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Thanks everybody for your enthusiasm for my previous questions. Now I have an additional question pertaining to a particular section of English grammar: "number shifts"
- The problem with this plan is all of the permits we could have to file before starting the project.
It is obvious that neither the word "is" or "are" is consistent with the noun each of them refers to. Therefore, how can I solve this dilemma? After a moment of thinking the solution, I got exhausted; therefore, I decided to get rid of this kind of confusion by changing the whole sentence into a somewhat new one:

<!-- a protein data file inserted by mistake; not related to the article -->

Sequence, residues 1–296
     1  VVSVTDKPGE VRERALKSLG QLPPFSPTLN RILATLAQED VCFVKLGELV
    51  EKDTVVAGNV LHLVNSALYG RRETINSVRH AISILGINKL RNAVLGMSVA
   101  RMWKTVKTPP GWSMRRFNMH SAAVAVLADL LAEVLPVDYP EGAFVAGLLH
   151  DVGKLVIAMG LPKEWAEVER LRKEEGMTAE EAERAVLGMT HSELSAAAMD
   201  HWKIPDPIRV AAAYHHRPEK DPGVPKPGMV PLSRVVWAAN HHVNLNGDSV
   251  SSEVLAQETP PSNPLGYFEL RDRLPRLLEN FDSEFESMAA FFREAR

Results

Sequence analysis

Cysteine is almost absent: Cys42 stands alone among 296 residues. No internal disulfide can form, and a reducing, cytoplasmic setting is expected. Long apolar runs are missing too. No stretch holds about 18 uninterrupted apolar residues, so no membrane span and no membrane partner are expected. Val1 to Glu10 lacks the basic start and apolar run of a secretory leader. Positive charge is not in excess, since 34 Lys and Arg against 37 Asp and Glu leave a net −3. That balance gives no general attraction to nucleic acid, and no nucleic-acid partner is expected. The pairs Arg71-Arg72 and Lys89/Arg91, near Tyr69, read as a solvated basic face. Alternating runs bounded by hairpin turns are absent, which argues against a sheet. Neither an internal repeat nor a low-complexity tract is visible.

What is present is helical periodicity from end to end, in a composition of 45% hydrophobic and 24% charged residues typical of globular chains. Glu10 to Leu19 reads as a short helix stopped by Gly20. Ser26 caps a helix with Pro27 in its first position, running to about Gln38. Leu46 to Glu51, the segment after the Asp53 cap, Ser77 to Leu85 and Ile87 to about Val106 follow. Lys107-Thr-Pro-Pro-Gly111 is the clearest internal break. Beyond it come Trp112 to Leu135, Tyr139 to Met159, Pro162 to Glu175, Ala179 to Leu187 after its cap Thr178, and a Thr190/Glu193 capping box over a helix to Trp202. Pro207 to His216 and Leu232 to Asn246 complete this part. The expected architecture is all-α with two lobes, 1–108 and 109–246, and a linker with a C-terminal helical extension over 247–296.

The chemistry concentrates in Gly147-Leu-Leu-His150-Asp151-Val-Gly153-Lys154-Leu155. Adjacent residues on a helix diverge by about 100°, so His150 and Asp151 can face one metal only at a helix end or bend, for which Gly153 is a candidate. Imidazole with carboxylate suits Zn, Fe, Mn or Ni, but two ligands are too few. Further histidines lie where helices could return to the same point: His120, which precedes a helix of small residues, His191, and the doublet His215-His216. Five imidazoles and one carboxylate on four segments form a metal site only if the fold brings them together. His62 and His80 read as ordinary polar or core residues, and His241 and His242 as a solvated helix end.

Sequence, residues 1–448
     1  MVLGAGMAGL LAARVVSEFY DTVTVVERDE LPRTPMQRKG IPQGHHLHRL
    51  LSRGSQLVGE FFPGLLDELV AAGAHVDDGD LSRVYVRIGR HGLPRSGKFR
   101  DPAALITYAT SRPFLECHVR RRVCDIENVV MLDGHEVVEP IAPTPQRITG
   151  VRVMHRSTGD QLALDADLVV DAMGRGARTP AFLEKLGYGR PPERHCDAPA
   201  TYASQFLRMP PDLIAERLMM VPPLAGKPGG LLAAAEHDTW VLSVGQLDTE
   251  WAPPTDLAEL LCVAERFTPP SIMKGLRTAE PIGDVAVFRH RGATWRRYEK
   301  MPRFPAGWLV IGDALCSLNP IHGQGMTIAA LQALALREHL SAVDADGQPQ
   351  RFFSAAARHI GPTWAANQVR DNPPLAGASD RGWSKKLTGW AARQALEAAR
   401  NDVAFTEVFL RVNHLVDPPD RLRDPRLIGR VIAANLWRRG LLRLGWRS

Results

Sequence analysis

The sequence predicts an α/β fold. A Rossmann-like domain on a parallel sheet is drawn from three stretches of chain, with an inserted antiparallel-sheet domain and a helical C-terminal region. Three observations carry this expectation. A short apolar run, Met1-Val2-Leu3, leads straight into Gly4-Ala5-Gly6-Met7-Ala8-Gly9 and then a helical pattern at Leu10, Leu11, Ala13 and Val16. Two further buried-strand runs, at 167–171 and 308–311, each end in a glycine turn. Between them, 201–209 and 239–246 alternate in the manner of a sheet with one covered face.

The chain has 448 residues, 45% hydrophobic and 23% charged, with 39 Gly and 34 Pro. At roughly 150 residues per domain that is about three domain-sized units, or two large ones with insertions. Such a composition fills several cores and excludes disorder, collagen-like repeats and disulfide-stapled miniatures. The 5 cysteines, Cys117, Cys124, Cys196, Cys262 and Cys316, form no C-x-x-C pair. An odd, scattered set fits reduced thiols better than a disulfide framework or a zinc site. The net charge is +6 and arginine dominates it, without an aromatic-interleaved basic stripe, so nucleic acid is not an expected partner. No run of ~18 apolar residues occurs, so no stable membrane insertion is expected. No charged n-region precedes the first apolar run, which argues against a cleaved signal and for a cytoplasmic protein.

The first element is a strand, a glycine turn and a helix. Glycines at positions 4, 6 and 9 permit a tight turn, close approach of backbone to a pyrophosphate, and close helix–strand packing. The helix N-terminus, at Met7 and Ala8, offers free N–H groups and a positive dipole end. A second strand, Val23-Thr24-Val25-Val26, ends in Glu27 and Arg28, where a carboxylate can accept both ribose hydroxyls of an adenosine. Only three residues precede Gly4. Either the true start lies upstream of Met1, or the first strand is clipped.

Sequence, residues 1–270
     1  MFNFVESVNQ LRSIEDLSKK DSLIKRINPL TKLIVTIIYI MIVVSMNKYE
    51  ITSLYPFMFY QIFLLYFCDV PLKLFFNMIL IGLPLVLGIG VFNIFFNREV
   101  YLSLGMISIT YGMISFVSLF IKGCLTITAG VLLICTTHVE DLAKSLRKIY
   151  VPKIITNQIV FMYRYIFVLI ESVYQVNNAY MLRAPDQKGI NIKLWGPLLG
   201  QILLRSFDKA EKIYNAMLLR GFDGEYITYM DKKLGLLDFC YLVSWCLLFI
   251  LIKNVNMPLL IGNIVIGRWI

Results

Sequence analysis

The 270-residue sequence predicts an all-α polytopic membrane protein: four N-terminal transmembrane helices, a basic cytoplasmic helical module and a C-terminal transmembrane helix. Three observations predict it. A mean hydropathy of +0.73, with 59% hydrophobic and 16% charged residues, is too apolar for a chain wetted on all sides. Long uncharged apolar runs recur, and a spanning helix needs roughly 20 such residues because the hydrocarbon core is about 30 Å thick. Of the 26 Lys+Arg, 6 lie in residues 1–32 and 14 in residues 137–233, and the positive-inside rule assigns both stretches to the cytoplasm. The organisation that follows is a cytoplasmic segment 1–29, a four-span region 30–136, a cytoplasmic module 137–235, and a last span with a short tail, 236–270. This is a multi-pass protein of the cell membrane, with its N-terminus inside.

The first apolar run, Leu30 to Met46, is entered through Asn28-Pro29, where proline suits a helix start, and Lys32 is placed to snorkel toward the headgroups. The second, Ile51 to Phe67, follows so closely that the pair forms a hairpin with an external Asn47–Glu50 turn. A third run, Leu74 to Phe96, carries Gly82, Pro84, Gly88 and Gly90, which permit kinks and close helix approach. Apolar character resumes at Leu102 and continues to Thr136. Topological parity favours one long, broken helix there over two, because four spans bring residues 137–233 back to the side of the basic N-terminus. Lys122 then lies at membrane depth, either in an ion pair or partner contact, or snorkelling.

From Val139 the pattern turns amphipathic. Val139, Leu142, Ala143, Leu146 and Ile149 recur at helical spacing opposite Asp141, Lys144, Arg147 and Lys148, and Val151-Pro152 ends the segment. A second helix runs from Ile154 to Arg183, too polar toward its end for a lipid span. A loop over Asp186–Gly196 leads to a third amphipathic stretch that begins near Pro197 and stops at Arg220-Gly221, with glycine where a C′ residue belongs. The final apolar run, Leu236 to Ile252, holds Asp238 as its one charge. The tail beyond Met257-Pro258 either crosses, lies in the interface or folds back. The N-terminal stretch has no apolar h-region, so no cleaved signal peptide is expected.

- Filling all of the permits required by this plans will probably delay the project.
However, I was still not satisfied with my attempt. So, can somebody give me some advice on how to tackle this kind of situation? Should I change the form of the sentence without changing its meaning or is there a correct way using the word "is" or "are"? If I needed to adhere to the latter approach, what would I essentially do to avoid the mismatch between "noun" and "verb"? Once again, thanks for any help!